In terms of competition in its size range, the Mac mini has no equal at anywhere near the price. But as a person who has been using Macs with expansion slots since shortly after they came to the Mac, I'd prefer something larger and more expandable - just what the Open Computer offers.
From Darren Fleishman following up on Cleaning an Extended Keyboard, where he noted "The T, G, H, B, space bar, right arrow, and clear/numlock keys did not work at all, and the U and the caps lock key only gave intermittent response with the LED lighting incorrectly":
I took your advice and placed the Apple Extended Keyboard (circa 1989) in the dishwasher. I figured that it was unusable as is, so I might as well give it a shot.
After a washing with just a dash of soap and without the dry cycle, the keys were obviously much cleaner. Not new, but no longer embarrassing.
I let the keyboard sit overnight to dry, and the next day I plugged it in with the iMate just to see what would happen. The right option key worked, but not much else.
After waiting 5 days, I did try again. This time, everything worked properly except the D, 8, right command, right control and caps lock keys. After liberal dousing of electronic cleaner and a serious amount of wiggling and banging on the keytop with a Bic pen, I did manage to get the D, 8, and right command keys to work, but the caps lock key and right control key are still dead. The LEDs do blink on at startup, but they do not light up with presses from num lock, caps lock, or scroll lock either.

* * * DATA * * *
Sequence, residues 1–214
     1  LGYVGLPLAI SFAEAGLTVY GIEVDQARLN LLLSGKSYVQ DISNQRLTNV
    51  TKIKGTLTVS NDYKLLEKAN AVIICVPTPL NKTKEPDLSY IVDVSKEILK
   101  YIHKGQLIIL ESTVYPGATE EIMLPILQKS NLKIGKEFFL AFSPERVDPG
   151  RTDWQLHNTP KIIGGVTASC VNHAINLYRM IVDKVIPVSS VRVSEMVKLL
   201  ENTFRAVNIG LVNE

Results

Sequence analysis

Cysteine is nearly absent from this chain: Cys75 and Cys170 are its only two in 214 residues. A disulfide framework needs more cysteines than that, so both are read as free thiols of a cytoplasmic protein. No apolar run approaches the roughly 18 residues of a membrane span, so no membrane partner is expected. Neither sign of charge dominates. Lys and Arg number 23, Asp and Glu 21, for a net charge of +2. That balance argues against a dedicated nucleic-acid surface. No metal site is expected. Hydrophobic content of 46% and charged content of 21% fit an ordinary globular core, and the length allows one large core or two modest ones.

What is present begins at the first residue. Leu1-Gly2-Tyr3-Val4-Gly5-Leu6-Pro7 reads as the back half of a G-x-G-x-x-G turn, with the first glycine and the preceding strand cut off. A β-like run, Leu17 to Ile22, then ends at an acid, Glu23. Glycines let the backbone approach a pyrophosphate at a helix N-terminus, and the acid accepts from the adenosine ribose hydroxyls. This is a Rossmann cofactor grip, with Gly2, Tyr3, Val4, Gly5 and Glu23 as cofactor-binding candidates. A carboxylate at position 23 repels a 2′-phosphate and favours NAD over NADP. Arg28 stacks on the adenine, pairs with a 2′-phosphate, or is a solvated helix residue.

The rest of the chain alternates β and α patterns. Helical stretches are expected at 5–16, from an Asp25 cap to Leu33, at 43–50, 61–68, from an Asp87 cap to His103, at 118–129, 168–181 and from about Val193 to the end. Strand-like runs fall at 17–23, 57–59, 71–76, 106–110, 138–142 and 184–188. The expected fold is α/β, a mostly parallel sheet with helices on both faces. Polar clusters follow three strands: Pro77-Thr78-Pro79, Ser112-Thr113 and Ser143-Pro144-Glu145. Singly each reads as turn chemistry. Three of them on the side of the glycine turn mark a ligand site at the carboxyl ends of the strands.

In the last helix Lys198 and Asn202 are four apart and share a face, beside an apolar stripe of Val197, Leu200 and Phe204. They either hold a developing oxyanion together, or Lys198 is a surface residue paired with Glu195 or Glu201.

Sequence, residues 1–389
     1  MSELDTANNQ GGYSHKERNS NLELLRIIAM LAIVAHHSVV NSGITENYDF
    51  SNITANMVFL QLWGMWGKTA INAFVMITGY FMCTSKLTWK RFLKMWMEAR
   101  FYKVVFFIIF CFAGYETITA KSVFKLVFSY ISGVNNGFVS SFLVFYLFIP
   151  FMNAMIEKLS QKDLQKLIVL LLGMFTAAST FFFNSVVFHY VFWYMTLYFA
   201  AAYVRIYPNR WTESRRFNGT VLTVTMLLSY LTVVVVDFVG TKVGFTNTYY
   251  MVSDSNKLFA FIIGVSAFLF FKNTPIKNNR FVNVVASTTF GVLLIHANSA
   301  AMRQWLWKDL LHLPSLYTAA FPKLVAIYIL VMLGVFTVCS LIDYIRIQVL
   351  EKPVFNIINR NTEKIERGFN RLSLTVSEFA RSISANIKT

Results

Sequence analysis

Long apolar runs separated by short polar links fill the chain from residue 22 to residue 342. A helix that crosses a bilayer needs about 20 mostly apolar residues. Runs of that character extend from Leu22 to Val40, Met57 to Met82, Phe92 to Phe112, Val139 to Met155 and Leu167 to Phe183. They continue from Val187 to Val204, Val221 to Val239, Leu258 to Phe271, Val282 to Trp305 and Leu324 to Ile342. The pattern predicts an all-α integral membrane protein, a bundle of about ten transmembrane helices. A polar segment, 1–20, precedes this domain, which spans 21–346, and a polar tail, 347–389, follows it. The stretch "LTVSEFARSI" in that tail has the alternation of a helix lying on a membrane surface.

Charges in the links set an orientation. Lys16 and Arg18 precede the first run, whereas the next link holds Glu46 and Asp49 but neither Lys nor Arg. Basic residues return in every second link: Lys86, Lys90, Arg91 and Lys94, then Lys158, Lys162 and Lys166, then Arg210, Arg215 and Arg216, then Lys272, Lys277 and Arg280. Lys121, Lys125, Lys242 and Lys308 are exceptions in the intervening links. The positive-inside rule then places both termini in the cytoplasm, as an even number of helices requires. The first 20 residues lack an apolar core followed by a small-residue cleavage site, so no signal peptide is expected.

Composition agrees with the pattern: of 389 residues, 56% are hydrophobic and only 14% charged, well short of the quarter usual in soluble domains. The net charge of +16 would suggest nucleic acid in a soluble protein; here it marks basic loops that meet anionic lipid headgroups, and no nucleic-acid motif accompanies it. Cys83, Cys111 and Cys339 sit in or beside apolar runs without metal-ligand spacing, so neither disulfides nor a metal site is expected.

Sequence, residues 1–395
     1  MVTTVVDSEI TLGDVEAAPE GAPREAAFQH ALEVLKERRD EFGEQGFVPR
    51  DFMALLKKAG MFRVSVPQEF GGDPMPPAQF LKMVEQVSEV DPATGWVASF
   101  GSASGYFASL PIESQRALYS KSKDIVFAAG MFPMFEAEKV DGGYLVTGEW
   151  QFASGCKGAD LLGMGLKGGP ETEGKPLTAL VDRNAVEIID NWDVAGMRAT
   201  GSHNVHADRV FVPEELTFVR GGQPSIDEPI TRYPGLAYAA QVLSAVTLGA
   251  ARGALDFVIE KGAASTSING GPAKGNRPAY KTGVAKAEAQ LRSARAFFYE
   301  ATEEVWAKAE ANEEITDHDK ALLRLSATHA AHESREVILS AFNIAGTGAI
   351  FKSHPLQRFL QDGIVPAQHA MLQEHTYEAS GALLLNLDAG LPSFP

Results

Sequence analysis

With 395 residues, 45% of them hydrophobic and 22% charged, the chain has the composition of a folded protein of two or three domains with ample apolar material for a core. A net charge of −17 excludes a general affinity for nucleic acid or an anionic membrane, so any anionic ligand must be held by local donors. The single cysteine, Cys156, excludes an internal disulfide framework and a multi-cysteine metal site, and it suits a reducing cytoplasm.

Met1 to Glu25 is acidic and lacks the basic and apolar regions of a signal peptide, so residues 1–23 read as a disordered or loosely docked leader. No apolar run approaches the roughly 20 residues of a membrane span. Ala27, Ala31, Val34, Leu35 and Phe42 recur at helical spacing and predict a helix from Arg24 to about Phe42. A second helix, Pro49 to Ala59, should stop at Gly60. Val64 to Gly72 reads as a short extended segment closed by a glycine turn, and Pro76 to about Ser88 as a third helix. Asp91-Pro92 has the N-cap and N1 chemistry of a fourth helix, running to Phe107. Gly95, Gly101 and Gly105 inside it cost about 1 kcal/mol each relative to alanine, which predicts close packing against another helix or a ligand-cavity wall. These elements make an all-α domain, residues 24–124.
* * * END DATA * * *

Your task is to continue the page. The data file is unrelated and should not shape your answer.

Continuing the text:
Also, there are occasions where key presses still drop - often with the Q and the down arrow, but the board seems to be improving with use. There are also times when the keyboard will read double presses - particularly with the W and the B keys. The caps lock key is a bit of a struggle to understand - it was working somewhat prior to washing, and now it is dead. I have looked on the Web for some info, and there are anecdotal reports of it not working at all, so I am not sure if my early (limited) success was based on some electrical fluke or if the key was actually being read properly in the past.
Overall, the keyboard is relatively useable, but the jury is still out if I like this better than the laptop keyboard on the MacBook Pro. I remember absolutely loving the feel of the keys when I was in college, but now the key presses are quite long and a bit stiff by my current benchmarks, so I may go back to using the laptop keyboard for the time being. I did manage to get this letter typed out on the keyboard....
Thanks for the help.